5 Comment

  • Ugh, this kills me. This means they took those beautiful tin ceilings out… Here’s hoping they saved them for reuse, but somehow I feel as though that didn’t happen. 🙁

  • Jesus. This house had some unreplicable gems on the inside and now they’re all gone. Hopefully they wound up at Community Forklift or Second Chance and not the dump. Sad.

  • I love old stuff, the charm, the detail, the craftsmanship, etc, but this house needed all new systems- condos/apts or single family home. That’s got to be hard to do without tearing out a lot of stuff.

    And we haven’t seen the final product yet, so who knows what it will look like.

    It’s sad to say, but prices are so high that at this point I think I prefer greater density over historic preservation.

  • My sadness at this is overwhelming. They’re already putting in those cheap looking fake assed pane windows. There are ways to put in new systems without destroying the interiors. I pray that they saved some of it but I doubt it. I need to start a blog called Crimes Against Architecture but it may be too late.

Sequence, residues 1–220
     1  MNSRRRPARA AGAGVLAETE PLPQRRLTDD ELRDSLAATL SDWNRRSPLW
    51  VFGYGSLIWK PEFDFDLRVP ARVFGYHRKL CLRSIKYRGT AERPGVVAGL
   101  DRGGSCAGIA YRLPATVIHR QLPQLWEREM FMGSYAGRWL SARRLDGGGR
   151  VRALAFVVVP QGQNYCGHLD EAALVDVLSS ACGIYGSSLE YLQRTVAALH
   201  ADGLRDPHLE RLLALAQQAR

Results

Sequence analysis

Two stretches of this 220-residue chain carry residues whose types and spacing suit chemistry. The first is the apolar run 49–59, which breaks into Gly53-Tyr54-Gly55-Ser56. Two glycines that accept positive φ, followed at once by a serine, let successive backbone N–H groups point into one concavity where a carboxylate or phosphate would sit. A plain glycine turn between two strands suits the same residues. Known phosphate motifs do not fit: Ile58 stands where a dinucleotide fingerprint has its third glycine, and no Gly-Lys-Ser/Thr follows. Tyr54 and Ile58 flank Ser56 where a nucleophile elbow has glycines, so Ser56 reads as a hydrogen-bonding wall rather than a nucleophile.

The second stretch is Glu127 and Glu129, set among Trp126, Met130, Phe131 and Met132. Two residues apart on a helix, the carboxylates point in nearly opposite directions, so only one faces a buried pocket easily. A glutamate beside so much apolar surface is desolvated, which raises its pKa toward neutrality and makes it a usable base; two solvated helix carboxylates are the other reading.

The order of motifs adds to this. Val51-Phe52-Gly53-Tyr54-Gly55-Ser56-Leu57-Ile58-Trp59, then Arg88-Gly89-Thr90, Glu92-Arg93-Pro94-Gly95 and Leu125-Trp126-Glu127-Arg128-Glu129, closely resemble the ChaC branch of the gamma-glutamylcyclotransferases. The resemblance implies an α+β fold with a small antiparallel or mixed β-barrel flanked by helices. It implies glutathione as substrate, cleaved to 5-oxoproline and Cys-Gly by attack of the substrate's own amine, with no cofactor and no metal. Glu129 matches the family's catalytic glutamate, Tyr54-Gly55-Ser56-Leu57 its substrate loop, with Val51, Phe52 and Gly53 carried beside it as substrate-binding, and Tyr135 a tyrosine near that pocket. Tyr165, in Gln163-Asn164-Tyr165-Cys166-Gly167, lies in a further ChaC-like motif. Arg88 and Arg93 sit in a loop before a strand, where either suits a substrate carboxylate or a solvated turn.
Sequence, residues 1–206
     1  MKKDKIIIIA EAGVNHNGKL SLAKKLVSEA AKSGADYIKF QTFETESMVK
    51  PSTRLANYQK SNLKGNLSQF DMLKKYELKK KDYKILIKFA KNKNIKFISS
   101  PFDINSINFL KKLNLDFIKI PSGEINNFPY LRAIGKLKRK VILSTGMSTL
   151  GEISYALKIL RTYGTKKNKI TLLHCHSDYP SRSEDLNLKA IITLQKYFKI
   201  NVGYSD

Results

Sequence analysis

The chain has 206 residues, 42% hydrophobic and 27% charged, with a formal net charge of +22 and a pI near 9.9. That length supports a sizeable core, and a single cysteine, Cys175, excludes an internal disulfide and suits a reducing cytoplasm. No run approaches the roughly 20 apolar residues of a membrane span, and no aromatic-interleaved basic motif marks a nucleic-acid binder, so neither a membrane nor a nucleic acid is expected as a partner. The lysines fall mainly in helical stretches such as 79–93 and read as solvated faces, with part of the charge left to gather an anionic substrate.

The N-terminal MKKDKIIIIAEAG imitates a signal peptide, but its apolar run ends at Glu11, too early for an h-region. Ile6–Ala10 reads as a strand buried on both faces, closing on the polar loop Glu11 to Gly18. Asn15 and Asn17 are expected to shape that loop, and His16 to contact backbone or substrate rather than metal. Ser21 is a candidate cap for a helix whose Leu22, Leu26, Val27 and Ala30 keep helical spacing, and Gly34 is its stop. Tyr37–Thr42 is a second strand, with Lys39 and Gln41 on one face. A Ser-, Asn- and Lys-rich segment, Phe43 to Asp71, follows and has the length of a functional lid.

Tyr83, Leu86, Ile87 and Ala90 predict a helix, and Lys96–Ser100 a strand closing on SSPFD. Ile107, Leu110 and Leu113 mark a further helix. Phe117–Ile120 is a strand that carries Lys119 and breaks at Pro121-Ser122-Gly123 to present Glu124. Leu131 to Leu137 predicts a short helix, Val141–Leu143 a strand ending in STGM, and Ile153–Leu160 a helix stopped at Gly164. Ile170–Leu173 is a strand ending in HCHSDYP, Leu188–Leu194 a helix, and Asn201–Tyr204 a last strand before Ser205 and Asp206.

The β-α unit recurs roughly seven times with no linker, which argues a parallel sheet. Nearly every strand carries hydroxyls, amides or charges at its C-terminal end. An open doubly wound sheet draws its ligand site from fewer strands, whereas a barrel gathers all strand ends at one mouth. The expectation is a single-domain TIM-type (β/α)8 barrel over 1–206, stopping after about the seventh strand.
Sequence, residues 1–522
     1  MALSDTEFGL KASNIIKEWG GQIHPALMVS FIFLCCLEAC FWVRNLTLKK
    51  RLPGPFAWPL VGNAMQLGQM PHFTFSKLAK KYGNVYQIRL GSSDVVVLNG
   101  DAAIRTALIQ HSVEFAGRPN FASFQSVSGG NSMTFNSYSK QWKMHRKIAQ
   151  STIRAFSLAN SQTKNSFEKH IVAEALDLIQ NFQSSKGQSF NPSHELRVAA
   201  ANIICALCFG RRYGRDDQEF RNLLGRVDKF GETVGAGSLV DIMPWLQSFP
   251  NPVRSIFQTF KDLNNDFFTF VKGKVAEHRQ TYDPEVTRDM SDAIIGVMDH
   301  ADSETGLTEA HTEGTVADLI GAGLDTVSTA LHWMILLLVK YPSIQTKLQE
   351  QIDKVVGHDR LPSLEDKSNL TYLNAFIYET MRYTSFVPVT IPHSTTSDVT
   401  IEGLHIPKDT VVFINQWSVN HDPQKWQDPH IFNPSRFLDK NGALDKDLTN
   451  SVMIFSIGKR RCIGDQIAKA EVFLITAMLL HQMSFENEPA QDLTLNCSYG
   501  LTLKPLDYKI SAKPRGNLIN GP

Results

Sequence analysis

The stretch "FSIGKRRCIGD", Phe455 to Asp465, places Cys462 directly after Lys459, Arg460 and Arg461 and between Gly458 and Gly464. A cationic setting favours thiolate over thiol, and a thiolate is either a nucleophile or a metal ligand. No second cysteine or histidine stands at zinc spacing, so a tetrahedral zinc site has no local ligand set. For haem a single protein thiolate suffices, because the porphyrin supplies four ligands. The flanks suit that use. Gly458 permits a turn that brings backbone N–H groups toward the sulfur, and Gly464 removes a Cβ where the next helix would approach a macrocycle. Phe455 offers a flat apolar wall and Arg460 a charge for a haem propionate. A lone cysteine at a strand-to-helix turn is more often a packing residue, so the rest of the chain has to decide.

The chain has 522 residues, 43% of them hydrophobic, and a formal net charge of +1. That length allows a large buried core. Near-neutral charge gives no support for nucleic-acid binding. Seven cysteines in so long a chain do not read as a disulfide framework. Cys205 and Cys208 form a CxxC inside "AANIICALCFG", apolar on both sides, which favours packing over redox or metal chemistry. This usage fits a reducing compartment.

• I’m all for preservation, but this house was a mess, and there wasn’t a lot of original detail to save. A random mix of flooring, ceiling materials, and radiators. One room had linoleum. The balustrade on the top floor had separated from the wall, and the whole staircase was sketchy. As for the new windows, they are a huge improvement. The house had at least two broken windows that had been that way for years (meaning likely water damage), and the original windows were long gone anyway. Random mix of roofing materials suggest there would be some surprises overhead, and the cheap addition (now gone) would have required a lot of work. This house would have been a hugely expensive project for a non-developer.

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